Sylvia wants to get a new computer but can't decide between a laptop and a desktop. Leo says that in general, a desktop is best for business. A laptop is for personal use. Since Sylvia does video and photo editing, she also should get Adobe's Creative Cloud. She'll also need a minimum of 16GB of RAM, but for video, 32 would be even better.
Jerry runs a dart tournament and he runs it on a spreadsheet through his mobile phone. He wants to use a laptop instead to make it easier for him. Which one should he buy, and can he have two internal drives in it? Leo says that can be done and he'll want to use an SSD for his primary drive. They have special software called wear leveling that extends the life of the SSD. They are more reliable than spinning hard drives because there are no moving parts.
Leo says that all traditional spinning hard drives are basically the same. They're basically like record players, but instead of vinyl, they use spinning metal plates. Those plates are magnetic, so they can be magnetized. They also have read heads, at least one per platter, which are like the needle on the record player. Except instead of reading the grooves in vinyl, they're reading the magnetic signals coming off the spinning platter. Because it's a computer, everything is recorded as 1's or 0's, and it's very easy with magnetic material to have a charge or no charge.
Jim has an HP Pavilion laptop and he thinks his hard drive is about to fail. Should he put a solid state drive in it? Leo says that SSDs are much faster than spinning hard drives, and are more reliable. The question is, can the Pavilion support it? Ideally, he'll need a SATA 2 drive. SATA 3 would be even better if it supports it. Then there's the question of whether he can install it himself or would he have to pay for a tech to do so. It'll have to be in ideal shape and size than the existing hard drive. If all that works, then he should absolutely get one.
Paul is going to college to study mechanical engineering and he needs a good laptop that can handle the work load. Leo says ideally, he'll get more bang for his buck with a PC. He'll also get more choices. Also, it's always best to check with the college or university for what they prefer. They may require more powerful hardware and specific software. He'll also want an SSD because it'll boot up faster.
Bill's company has a third party server running Windows 8 Pro and SQL server. He wants to update the hard drive to an SSD, but there's latency issues. Leo says that since he's running proprietary point of sale software, the logjam could be there since they are concerned with piracy. It may mean that he can't just clone the drive and then restore it to the new one without having to reinstall that POS software. But ideally, each drive will come with a drive cloning utility that will make a direct copy that he can run. Once he does, then he can swap them out.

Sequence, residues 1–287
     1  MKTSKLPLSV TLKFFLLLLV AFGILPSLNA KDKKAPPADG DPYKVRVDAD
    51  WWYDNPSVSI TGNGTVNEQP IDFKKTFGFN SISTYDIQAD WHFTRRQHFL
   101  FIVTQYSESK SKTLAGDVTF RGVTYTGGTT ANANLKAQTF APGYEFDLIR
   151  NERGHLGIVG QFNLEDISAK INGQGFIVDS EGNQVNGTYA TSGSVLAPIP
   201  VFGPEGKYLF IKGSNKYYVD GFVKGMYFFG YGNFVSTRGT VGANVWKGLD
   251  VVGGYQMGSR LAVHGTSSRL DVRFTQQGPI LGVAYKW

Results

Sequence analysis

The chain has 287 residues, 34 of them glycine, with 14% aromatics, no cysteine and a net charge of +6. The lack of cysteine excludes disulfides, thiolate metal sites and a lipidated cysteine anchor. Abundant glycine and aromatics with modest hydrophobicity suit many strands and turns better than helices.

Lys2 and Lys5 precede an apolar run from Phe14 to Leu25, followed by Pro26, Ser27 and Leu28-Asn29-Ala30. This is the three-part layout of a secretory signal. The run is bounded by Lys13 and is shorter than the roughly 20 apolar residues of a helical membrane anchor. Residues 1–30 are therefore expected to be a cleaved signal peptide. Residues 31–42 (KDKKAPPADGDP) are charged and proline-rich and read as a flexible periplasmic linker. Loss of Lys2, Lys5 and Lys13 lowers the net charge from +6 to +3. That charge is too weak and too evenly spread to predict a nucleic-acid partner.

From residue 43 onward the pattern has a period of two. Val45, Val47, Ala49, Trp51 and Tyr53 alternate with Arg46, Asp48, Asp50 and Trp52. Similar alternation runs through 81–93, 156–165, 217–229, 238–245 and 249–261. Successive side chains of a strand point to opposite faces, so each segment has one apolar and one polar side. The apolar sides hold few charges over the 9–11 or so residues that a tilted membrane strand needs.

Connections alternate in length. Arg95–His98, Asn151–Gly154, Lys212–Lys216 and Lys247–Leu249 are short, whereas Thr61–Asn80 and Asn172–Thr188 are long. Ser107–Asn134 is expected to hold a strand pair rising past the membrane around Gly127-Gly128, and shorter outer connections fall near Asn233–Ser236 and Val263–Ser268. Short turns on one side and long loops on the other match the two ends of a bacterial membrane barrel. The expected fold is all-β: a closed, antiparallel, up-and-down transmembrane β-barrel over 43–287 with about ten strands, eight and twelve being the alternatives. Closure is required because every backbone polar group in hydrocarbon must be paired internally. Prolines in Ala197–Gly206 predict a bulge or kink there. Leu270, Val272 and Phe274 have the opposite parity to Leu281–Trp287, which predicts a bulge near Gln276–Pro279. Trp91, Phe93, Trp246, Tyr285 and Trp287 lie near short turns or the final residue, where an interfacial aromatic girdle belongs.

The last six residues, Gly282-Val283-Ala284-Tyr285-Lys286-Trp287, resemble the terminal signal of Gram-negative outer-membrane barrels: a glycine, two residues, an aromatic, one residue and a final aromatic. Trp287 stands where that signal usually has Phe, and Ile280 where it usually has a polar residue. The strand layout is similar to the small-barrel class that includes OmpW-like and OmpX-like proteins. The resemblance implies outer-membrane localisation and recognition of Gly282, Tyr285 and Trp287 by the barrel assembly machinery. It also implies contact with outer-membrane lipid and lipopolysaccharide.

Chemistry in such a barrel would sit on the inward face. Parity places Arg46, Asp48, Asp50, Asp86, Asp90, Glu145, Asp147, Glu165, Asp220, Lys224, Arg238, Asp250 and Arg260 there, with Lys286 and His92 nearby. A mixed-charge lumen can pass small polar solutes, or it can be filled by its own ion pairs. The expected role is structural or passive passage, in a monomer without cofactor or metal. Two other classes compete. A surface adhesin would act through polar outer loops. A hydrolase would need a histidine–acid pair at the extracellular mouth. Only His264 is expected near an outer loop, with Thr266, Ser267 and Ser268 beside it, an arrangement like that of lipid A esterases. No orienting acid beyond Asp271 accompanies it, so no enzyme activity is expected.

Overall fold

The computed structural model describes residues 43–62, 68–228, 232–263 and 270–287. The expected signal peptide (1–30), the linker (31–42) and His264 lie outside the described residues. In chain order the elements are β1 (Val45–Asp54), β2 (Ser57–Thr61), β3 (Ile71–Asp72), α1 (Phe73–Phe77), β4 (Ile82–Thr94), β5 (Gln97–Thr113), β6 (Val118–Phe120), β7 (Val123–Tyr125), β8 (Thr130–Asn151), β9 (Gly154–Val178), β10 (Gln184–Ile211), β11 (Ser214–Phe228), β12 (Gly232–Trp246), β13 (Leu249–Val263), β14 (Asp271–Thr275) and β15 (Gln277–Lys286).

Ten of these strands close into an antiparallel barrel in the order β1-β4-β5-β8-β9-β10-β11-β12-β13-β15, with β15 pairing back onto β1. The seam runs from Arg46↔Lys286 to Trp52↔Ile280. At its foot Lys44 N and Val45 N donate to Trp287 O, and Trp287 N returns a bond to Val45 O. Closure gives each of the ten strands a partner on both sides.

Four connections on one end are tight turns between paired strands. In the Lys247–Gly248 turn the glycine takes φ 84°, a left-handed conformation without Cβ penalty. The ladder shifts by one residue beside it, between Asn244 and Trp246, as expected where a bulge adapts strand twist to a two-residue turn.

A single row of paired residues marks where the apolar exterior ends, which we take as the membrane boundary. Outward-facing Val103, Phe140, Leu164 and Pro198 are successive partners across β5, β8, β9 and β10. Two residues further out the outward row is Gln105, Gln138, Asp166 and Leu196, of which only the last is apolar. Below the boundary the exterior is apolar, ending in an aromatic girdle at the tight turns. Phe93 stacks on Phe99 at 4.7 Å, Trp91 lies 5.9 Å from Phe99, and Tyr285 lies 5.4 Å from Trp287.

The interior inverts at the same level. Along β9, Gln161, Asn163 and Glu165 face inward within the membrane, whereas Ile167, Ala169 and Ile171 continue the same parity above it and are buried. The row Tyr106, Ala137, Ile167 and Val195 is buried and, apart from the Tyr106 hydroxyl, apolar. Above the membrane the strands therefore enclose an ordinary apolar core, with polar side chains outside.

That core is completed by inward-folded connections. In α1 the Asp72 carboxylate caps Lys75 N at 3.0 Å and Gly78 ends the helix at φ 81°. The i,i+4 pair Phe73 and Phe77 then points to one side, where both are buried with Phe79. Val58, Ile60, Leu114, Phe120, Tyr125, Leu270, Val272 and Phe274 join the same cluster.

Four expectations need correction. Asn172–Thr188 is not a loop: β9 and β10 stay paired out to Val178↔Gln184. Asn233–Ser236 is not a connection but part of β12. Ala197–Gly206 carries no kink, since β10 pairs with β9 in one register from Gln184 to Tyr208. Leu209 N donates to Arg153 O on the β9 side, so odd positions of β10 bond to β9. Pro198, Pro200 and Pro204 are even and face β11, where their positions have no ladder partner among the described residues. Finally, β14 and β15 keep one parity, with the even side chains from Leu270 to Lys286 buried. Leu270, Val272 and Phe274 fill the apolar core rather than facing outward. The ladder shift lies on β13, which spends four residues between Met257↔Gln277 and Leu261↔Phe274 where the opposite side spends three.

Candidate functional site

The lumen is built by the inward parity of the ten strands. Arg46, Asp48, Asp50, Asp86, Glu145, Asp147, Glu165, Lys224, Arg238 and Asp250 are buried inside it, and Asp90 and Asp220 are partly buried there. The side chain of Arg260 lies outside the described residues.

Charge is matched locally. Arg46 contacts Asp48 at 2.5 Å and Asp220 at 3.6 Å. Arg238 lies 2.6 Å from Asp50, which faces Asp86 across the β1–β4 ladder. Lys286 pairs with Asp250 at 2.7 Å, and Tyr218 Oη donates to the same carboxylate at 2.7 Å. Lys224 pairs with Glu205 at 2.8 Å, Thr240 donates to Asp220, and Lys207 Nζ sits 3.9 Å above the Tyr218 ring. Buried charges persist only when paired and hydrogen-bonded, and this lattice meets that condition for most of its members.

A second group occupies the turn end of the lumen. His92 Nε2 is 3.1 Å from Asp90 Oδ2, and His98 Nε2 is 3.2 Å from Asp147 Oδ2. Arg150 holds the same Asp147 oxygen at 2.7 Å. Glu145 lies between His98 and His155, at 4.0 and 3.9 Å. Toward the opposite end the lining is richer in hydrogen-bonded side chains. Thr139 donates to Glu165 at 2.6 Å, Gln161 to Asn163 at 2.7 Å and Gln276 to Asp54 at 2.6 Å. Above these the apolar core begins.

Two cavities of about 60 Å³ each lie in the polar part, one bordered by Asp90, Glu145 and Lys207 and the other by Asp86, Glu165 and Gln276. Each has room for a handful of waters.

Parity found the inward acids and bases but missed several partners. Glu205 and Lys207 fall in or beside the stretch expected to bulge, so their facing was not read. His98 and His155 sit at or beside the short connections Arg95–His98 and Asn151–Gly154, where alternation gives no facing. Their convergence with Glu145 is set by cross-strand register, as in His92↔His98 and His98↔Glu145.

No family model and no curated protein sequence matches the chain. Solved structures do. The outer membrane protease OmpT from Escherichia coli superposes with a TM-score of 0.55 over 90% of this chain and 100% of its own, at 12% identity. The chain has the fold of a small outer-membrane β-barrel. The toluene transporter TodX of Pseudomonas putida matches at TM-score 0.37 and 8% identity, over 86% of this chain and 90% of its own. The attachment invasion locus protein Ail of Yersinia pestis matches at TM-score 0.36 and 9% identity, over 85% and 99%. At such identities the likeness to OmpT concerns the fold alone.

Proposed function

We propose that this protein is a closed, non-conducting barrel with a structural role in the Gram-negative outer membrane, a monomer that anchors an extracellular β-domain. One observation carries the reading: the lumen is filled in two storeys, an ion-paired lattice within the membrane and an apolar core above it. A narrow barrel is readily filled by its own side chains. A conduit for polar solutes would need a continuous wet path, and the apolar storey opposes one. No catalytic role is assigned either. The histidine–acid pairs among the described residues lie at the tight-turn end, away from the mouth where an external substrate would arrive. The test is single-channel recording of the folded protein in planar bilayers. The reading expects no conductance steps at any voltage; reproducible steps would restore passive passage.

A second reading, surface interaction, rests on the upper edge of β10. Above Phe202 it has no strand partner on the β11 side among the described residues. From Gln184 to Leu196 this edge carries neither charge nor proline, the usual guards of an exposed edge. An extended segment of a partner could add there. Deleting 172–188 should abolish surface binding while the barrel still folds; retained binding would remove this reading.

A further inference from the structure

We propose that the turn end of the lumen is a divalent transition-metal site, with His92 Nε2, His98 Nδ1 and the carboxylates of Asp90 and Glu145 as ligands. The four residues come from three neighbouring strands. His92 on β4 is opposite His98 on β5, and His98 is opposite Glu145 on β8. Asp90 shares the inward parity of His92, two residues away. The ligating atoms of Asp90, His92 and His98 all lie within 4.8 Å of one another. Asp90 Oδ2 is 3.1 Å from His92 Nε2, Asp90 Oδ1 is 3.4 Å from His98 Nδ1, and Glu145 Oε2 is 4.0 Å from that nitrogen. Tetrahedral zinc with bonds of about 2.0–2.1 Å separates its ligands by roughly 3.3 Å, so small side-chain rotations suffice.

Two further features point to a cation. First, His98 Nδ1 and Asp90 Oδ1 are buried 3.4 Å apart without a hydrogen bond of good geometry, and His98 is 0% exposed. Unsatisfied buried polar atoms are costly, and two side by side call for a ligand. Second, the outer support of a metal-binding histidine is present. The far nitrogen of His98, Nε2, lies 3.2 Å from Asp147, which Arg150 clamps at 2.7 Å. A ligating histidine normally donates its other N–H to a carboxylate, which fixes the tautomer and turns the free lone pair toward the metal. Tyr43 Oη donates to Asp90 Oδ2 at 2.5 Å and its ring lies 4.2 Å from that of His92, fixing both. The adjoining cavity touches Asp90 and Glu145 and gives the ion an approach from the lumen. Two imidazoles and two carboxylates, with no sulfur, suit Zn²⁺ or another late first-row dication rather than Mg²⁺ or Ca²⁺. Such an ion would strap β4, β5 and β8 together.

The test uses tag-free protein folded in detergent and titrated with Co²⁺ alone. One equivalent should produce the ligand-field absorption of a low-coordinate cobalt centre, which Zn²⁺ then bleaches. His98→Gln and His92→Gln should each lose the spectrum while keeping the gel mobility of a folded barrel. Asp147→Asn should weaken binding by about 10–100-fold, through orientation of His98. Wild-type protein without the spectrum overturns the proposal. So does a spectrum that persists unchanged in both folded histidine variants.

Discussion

Glenn wants to buy an SSD and move his OS onto it. How can he move all his programs and apps to it? Leo says he can clone the drive, but he'll have to be sure that Windows and all of his programs are on the C drive or Windows won't work. He'll also want to be sure he has a cleaned up hard drive, getting rid of his temp files, unwanted programs, etc.
Sean has a nine year old desktop loaded with software. Will he be able to get updates to Windows XP to end of life? Leo says there's a good chance of that. He just won't get anything through SP2.
He also wants to know if he'll have to defrag his SSD. Leo says no, he won't need to, but he can do it to force TRIM to speed up the SSD.
Jeff wants to do some spring cleaning by getting rid of some old computers, but is concerned about privacy and the data on the hard drives. Leo says that the easiest thing to do is to simply remove the hard drives. He could also use something like Darik's Boot and Nuke (DBAN) to completely wipe the drive. It erases everything by writing zeros across the drive, and then erases it again. If he does that several times, he'll be safe from everyone save the NSA. Solid State Drives, however, can be easier to get data off of.
Roger is having issues with his SSD. It's slowing down and takes a long time to access his data. Leo says the drive is only a year old and the computer a few years old, but there can be a drive failure, even in new SSDs. It's time to replace it. He could try running an OS from a USB key and see what happens. If he doesn't have a similar issue, that clearly shows the hard drive has a problem.